“It’s hard for me to answer a question from someone who really doesn’t care about the answer.” (Charles Grodin)
That was today’s quote in the Jack’s Winning Words blog. Jack when on to relate a story about a remembering seeing a woman in his congregation elbowing her husband to keep him awake during the sermon.
I’ve written here a few times about being a good listener. It is a mark of respect for the speaker that you pay attention to what they are saying and not spend that time thinking about how you will be replying. Grodin’s quote points out a second benefit from paying attention – you can figure out from how the speaker is talking where they are coming from and whether or not they really care about what your opinion is on the topic.
Showing respect for the speaker doesn’t mean that you are agreeing with their position. It merely means that you respect their right to have an opinion and to express it. Too many people these days don’t show even that level of respect; rather they shout over the speaker, hoping to drown out the expression of the opinion that they disagree with.
With so much misinformation and disinformation circulating in our society it is sometimes hard to have a civil discourse on controversial topics. When one bases their point of view on things upon the base of bad information or untruths it is hard to discuss it with them and the conversation quickly turns into arguments about the source of their “facts” upon which they base their beliefs. The old hack, “I saw it on the Internet, so it must be true” is the only base that many have to stand upon.
An even more disturbing trend of late is the rather fluid definition of the term “facts”. Over the past year or two we have seen many TV interviews in which it was asserted that facts aren’t facts or that there are “alternative facts”. The term “facts” has morphed from describing an accepted absolute into describing a belief, subject to change. I guess the relative term there is the word accepted. If one doesn’t accept a “fact”, there is a tendency to make up an alternative and call it a fact, when really it is a belief or point of view.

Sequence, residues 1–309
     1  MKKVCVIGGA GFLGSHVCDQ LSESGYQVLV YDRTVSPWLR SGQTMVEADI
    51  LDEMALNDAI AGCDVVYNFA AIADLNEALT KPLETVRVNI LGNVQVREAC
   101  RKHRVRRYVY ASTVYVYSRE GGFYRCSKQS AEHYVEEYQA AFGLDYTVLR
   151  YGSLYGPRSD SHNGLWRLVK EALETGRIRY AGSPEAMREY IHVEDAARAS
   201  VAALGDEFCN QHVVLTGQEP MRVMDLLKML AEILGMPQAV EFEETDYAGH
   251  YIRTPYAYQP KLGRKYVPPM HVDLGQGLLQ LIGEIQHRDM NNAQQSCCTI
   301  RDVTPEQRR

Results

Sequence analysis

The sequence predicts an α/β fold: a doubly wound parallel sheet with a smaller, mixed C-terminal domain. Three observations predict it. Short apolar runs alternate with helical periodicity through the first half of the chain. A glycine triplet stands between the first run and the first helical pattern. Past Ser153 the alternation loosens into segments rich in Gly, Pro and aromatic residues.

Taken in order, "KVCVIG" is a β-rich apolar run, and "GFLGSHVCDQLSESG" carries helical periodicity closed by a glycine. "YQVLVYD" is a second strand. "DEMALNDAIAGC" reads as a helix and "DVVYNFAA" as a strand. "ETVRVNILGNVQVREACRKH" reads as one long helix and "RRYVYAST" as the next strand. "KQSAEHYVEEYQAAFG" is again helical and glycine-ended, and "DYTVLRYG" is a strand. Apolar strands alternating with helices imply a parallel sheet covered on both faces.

That leads me back to a variation on Grodin’s quote – It’s hard to argue the truth of a statement with someone who doesn’t care about the truth.
If one is not paying attention to what is being said in a conversation it is relatively easy to be drawn into an argument about the wrong thing. Instead of arguing against a belief one could inquire about the basis for that belief – the facts upon which it is based. It is not enough to just say, “That’s not true.” Remember that the person speaking believes it is true, but that they may have never taken the time to question the source of that belief. A discussion about the basis for that belief may be more productive than just a direct challenge to it. Of nothing else, maybe you can plant a seed of doubt in their mind about the basis of their opinion.
So, show respect for the right of others to have and to express an opinion. You may not agree with it and perhaps your knee-jerk reaction is to talk over it or to quickly move from conversation mode into an argument about it. Don’t go there. If you are paying attention, you will realize the futility of arguing the point with that person. Better that you should add a note to your mental file about that person on their position on this topic – a topic perhaps to be avoided in the future. If that file gets too big, this may be a person to avoid in the future.
In the end, showing enough respect for the other person to understand where they are coming from also shows respect for yourself by stifling the knee-jerk reaction to argue with them. You just saved yourself a frustrating waste of time. Respect yourself.